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The relationship between Roman Catholic beliefs/ practices and societal norms has always been complex and ranged from agreement to outright opposition. Church teaching has also evolved. Its “just war theory,” for example, changed over time from a pacifist position in the earliest Christian centuries, to one which allowed for legitimating defense of the innocent, to the recognition in our own time that nuclear war cannot be justified in any situation. Pope Francis stated in 2019 on the 74th anniversary of the nuclear attacks on Nagasaki and Hiroshima that “The use of atomic energy for purposes of war is immoral, just as the possession of atomic weapons is immoral.” The pope is using his considerable influence to impact world opinion, yet it is clear on this issue that ecclesial teaching is at odds with US nuclear policy and the position of many politicians (Catholic or not).

Hands holding a golden bowl containing Eucharist wafers.

It is one thing to engage in debate on public policy, it is quite another for Church leadership to threaten individual Catholic politicians with refusal of eucharistic reception because of their public stance on abortion. It is difficult to understand or justify why abortion is the only contemporary moral issue where punitive Eucharistic action has been threatened by the episcopacy. Catholic politicians who support the possibility of nuclear war which threatens millions of lives, worldwide social stability, and the very viability of living on planet Earth have never been threatened with Eucharistic sanctions (nor, I would argue, should they be).

Since their online meeting in June 2021, the majority of bishops in the US Episcopal Conference have promoted such sanctions against President Biden and other Catholic politicians despite warnings from the prefect of the Congregation of the Doctrine of the Faith to be cautious about doing so and to work toward consensus instead. While President Biden is personally against abortion, he makes clear that in a pluralistic society his public posture toward those who hold alternate views can be different. In a democratic society, prudential judgement on whether and when to act in the public forum regarding any moral issue must be based on “the art of the possible” and a calculous on timing when to act.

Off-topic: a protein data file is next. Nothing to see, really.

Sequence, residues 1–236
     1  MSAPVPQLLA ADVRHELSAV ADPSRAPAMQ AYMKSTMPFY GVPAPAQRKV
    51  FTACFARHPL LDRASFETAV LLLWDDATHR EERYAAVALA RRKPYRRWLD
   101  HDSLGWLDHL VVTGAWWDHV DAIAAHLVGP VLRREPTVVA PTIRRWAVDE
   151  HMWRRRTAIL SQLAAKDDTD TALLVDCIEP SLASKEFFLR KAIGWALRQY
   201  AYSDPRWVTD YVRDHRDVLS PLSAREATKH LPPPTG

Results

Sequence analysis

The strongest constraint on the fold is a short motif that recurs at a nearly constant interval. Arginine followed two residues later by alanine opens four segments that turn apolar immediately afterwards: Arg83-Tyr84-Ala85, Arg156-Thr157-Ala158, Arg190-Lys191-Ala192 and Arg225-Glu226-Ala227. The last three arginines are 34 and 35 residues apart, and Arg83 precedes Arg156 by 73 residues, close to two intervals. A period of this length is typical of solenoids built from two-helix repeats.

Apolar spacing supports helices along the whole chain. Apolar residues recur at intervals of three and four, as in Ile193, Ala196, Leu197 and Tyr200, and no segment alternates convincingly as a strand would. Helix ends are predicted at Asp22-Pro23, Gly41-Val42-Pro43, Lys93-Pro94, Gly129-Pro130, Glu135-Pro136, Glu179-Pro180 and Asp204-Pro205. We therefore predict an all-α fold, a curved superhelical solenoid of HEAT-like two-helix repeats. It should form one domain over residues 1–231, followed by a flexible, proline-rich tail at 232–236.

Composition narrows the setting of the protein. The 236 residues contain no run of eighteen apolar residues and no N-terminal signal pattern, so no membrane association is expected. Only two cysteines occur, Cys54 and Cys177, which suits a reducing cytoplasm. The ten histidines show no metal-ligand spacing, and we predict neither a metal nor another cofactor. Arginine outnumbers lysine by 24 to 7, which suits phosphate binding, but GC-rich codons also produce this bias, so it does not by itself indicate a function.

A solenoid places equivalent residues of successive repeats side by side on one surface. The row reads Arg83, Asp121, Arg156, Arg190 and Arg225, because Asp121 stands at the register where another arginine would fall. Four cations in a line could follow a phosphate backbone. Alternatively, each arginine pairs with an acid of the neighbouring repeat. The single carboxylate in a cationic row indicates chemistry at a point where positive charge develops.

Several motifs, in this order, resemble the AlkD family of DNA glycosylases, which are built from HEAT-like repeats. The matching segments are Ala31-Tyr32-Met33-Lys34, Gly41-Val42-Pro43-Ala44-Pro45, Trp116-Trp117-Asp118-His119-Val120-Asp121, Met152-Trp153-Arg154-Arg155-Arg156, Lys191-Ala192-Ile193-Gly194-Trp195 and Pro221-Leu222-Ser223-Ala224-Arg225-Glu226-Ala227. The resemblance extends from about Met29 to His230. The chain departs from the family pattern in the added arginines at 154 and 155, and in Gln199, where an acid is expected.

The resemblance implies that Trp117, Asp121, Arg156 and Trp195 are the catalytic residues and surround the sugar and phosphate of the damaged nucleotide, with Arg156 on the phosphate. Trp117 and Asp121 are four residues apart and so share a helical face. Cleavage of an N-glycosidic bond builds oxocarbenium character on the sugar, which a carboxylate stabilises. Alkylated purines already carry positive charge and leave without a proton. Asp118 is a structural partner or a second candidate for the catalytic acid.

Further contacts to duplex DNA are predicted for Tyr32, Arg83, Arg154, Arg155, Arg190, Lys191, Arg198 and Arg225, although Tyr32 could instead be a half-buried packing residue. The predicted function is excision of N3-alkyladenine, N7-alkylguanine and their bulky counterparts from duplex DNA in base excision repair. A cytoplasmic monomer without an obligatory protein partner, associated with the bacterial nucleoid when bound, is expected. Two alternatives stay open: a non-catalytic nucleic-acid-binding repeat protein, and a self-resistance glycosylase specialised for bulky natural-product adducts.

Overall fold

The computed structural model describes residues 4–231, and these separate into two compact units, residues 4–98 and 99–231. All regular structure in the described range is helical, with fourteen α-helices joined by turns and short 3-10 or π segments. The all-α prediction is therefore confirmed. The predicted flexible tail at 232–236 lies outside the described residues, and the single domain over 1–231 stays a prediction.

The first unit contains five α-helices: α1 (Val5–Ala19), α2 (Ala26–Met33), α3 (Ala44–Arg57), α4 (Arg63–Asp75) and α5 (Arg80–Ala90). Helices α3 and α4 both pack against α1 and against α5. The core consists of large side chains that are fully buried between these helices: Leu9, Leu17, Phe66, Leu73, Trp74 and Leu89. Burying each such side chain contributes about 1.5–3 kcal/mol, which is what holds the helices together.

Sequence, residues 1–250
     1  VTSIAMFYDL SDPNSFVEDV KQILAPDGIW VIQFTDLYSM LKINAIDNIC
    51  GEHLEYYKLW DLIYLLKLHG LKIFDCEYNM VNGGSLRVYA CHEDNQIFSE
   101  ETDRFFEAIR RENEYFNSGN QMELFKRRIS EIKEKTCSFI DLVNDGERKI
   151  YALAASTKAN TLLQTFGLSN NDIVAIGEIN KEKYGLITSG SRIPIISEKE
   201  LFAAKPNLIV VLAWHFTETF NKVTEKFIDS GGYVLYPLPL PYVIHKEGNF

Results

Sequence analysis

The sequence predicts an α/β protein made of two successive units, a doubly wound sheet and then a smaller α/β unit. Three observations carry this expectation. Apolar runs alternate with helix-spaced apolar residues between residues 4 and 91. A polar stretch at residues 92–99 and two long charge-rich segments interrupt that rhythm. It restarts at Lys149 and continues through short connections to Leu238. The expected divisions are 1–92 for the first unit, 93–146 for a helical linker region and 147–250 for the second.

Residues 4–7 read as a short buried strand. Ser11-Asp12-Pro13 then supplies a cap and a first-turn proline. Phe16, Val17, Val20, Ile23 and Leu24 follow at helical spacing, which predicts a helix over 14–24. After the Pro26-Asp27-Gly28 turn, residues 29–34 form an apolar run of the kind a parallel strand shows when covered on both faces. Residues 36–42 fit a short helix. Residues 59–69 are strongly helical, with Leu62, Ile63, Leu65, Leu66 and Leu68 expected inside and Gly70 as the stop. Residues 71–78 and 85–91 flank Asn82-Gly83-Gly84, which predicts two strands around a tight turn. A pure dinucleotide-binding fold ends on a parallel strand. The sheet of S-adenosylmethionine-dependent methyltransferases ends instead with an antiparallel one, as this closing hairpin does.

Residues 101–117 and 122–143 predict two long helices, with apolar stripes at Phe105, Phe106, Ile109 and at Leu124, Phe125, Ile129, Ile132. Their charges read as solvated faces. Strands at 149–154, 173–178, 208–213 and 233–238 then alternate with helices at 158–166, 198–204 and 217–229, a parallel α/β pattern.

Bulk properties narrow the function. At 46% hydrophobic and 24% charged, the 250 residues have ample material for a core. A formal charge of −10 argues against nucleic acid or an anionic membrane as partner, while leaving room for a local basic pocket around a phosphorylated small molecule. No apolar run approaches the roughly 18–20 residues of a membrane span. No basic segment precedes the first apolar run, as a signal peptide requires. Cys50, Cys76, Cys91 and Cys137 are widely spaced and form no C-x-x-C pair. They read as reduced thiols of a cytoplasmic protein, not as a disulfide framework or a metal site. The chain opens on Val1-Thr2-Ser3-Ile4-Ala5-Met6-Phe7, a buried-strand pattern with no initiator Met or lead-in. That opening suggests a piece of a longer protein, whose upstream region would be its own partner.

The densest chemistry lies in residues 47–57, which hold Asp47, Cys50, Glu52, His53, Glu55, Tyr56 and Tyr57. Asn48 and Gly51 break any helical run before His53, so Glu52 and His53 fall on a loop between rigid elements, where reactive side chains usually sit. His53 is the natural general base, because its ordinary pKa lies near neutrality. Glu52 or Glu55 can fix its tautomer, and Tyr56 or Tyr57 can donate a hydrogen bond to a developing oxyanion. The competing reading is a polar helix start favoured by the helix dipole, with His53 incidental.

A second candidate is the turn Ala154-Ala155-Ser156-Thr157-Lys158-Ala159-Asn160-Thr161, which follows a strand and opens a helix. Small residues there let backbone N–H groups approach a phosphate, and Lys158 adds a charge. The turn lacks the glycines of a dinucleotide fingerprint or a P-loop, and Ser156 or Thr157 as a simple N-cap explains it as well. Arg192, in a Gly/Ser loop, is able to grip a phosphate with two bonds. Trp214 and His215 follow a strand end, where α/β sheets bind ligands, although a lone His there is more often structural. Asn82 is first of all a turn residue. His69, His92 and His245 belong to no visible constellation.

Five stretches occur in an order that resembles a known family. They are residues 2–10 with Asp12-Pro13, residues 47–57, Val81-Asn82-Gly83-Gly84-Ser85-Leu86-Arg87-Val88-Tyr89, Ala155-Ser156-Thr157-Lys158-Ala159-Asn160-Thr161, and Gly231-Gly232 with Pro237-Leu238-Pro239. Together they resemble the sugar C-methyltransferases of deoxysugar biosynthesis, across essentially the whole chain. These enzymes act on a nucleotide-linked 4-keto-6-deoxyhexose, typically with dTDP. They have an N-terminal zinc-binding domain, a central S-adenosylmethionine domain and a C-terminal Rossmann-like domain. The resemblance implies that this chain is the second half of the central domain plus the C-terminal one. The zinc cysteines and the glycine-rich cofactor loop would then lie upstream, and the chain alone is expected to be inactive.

Two issues are really at stake: shaping public opinion and freedom of conscience. The role of the Church is to persuade the general community and its own members of its moral beliefs and encourage its politicians to work these values into law, at least in some circumstances. Protecting the right to follow one’s conscience with prayerful discernment has long been upheld by our Church. While forming the consciences of its own members, its official position is not a substitute for an individual’s discernment. The role of the politician is to follow her/his well-formed conscience, but also to do the difficult work of fostering these values in a pluralistic society in a timely fashion.

Turning to our sacramental issue, the practice of “fencing” the Eucharistic table has a long history. From the beginning of the Church, to “be in communion” over doctrine and practice was symbolized by standing around the altar and sharing in the Eucharistic meal. During early doctrinal struggles, for example, bishops who were not in agreement with accepted Church teaching were not allowed to participate in communion because they literally were not “in communion” with the Church. Eucharist, among other things, is a symbol that communicates truth; you could not symbolize by sharing at the eucharistic table a “communion” that did not exist.

The Eucharistic controversy of the 3rd century was slightly more complex. Those who had apostatized or denied their faith in the Decian persecution later were not allowed to participate in the Eucharistic meal. When another persecution threatened, the Church decided to welcome them back to the table in order to nourish them for the challenges ahead. In this case, Eucharist was understood as strengthening food for the perils of life.

In conclusion, as Pope Francis says, the Church must evangelize culture with the Gospel in a post-Christian world. It also must support its politicians who do the hard work of embedding gospel values in public policy. The Eucharist should never be used to threaten individual politicians who are working in the difficult space between the Gospel and the coming reign of God.

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